23.4 C
Abuja

Ethiopian PM Abiy Ahmed clinches Nobel Peace Prize for bringing twenty years war to a halt

Advertisement

Related

Advertisement
Advertisement

ON Friday, Abiy Ahmed, the prime minister of Ethiopia, was conferred the 2019 Nobel Peace Prize by the Nobel committee for his peacemaking efforts which ended twenty years of hostility between his country Ethiopia and Eritrea.

Ahmed, the first Ethiopian to be awarded a Nobel Prize was commended by the Nobel committee for his efforts in restarting the peace talks with Eritrea that ultimately resolved the crisis between the two countries.

“In Ethiopia, even if much work remains, Peace Laureate Abiy Ahmed has initiated important reforms that give many citizens hope for a better life and a brighter future. As Prime Minister, Abiy Ahmed has sought to promote reconciliation, solidarity and social justice,” the Nobel committee stated in a Twitter post.

The two nations have ethnic and cultural ties, but decades of animosity between them had torn families apart and worsened Eritrea’s isolation as a repressive country.

Over 100,000 people were estimated to have been killed in cross-border attacks between the two countries in twenty years.

A peace treaty was signed by both countries at a summit that took place between July 8-9, 2018 in Eritrea, leading to a gradual and beneficial friendship between both countries.

It is the second year in a row an African is being named as winner of the prestigious prize. Ahmed will become the 100th Nobel Peace Prize in Oslo, where he will receive the award in December.

- Advertisement -

The 2018 Nobel Peace Prize was jointly awarded to Nadia Murad and Denis Mukwege. Murad, a 26-year-old Yazidi woman, was honoured for her support towards women who survived sexual and domestic violence from Islamic State militants.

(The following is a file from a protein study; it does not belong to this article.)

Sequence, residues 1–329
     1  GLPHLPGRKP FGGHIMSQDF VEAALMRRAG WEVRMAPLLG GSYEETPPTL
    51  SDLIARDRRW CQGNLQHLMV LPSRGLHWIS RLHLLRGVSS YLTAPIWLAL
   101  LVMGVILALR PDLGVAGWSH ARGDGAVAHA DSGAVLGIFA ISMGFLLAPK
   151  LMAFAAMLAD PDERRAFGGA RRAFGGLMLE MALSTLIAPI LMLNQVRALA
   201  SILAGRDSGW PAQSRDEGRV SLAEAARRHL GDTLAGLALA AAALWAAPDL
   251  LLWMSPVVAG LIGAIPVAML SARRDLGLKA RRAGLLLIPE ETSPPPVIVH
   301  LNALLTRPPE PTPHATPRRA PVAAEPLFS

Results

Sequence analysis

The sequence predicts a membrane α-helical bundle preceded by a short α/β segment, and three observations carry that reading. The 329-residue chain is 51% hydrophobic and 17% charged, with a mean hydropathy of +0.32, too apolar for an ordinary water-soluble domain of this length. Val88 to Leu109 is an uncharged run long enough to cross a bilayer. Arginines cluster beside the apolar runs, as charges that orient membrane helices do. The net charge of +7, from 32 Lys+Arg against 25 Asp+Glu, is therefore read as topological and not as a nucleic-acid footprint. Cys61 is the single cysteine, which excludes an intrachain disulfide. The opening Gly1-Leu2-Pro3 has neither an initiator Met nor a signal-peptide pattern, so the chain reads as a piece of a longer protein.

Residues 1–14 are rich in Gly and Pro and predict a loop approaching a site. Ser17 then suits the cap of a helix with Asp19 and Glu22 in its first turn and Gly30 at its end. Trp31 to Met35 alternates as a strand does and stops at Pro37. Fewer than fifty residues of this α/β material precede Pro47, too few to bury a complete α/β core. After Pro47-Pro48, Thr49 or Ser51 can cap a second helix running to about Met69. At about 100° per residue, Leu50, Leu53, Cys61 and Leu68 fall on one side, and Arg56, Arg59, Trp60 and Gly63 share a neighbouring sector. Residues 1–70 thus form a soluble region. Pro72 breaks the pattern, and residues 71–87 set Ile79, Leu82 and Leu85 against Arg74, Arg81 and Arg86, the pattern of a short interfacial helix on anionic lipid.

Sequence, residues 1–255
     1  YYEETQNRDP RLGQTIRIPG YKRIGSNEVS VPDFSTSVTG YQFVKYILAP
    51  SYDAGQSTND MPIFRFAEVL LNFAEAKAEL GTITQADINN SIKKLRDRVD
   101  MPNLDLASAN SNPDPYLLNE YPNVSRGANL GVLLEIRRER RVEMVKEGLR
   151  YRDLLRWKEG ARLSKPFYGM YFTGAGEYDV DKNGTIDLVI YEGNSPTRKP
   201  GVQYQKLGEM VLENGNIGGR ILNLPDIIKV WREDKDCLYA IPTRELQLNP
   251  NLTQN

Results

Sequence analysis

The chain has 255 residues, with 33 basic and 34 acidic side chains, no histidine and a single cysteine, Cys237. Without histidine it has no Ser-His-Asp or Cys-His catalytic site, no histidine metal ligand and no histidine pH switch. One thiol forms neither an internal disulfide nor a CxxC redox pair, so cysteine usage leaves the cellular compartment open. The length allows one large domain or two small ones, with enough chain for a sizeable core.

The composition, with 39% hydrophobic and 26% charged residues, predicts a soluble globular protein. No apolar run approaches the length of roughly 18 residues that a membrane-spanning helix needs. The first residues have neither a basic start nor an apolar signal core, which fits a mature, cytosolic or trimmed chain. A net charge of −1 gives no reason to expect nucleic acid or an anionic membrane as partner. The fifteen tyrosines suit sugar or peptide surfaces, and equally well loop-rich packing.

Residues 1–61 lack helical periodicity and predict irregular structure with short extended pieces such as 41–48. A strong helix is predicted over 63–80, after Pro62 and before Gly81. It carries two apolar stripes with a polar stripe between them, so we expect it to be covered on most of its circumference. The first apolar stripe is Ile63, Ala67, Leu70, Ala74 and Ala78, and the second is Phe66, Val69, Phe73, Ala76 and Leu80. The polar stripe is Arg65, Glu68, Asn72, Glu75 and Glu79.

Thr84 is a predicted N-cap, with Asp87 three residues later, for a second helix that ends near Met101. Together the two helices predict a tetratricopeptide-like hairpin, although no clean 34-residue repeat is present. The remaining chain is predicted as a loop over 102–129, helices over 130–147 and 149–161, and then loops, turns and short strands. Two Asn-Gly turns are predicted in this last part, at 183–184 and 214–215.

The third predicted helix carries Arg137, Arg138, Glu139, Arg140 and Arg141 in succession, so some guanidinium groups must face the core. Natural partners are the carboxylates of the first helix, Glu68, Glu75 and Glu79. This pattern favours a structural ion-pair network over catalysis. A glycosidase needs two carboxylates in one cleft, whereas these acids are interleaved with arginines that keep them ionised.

Mukwege is a Congolese gynaecologist, who was honoured for treating thousands of women and other victims of the violence in the Congo.

The Nobel committee said this year’s peace prize also honoured those who contributed to resolving the cross-border conflicts across East Africa.

Author profile

Amos Abba is a journalist with the International Center for Investigative Reporting, ICIR, who believes that courageous investigative reporting is the key to social justice and accountability in the society.

Support the ICIR

We invite you to support us to continue the work we do.

Your support will strengthen journalism in Nigeria and help sustain our democracy.

[molongui_author_box]

If you or someone you know has a lead, tip or personal experience about this report, our WhatsApp line is open and confidential for a conversation

Advertisement

LEAVE A REPLY

Please enter your comment!
Please enter your name here

This site uses Akismet to reduce spam. Learn how your comment data is processed.

Support the ICIR

We need your support to produce excellent journalism at all times.

Advertisement

Recent

TESLA’s CEO gets ready to take over Twitter

TESLA's CEO Elon Musk has reversed his decision to buy Twitter again. This time,...

Sanwo-Olu appoints pioneer VC for LASUSTECH

THE Lagos State governor, Babajide Sanwo-Olu, has approved the appointment of Professor Olumuyiwa Omotola...

In Bauchi, FG’s BHCPF is rescuing vulnerable Nigerians, but many are yet to benefit

By Susan Edeh Despite the Federal Government’s intervention in providing support to Nigerians at the...

ICPC honours policeman who rejected $200,000 bribe from robbers

THE Independent Corrupt Practices and other related offences Commission (ICPC) has honoured Daniel Amah,...

IPC condemns attack on journalist, seeks goverment intervention

THE International Press Centre (IPC) has condemned the recent "inhumane" treatment of a journalist,...
Advertisement

Most Read

Advertisement

Subscribe to our newsletter

Advertisement